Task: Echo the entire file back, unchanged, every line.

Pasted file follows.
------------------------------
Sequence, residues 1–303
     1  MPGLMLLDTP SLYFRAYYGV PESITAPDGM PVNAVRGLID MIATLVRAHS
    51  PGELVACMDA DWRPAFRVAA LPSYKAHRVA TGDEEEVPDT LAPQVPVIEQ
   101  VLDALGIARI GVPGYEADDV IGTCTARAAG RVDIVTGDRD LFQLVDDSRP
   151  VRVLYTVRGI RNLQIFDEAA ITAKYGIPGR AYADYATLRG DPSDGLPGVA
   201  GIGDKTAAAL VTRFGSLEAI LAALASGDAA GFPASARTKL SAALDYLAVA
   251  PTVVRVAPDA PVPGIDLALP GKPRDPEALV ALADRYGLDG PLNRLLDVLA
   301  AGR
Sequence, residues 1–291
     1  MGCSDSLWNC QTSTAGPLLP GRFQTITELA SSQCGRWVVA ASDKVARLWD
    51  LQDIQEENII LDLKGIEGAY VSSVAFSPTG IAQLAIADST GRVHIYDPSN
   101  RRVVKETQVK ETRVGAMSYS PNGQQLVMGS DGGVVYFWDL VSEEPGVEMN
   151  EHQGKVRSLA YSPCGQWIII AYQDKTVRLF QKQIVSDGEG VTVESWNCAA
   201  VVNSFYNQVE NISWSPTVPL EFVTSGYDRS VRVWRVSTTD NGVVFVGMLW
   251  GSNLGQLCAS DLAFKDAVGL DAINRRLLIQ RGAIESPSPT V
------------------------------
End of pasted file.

Sequence, residues 1–303
     1  MPGLMLLDTP SLYFRAYYGV PESITAPDGM PVNAVRGLID MIATLVRAHS
    51  PGELVACMDA DWRPAFRVAA LPSYKAHRVA TGDEEEVPDT LAPQVPVIEQ
   101  VLDALGIARI GVPGYEADDV IGTCTARAAG RVDIVTGDRD LFQLVDDSRP
   151  VRVLYTVRGI RNLQIFDEAA ITAKYGIPGR AYADYATLRG DPSDGLPGVA
   201  GIGDKTAAAL VTRFGSLEAI LAALASGDAA GFPASARTKL SAALDYLAVA
   251  PTVVRVAPDA PVPGIDLALP GKPRDPEALV ALADRYGLDG PLNRLLDVLA
   301  AGR
Sequence, residues 1–291
     1  MGCSDSLWNC QTSTAGPLLP GRFQTITELA SSQCGRWVVA ASDKVARLWD
    51  LQDIQEENII LDLKGIEGAY VSSVAFSPTG IAQLAIADST GRVHIYDPSN
   101  RRVVKETQVK ETRVGAMSYS PNGQQLVMGS DGGVVYFWDL VSEEPGVEMN
   151  EHQGKVRSLA YSPCGQWIII AYQDKTVRLF QKQIVSDGEG VTVESWNCAA
   201  VVNSFYNQVE NISWSPTVPL EFVTSGYDRS VRVWRVSTTD NGVVFVGMLW
   251  GSNLGQLCAS DLAFKDAVGL DAINRRLLIQ RGAIESPSPT V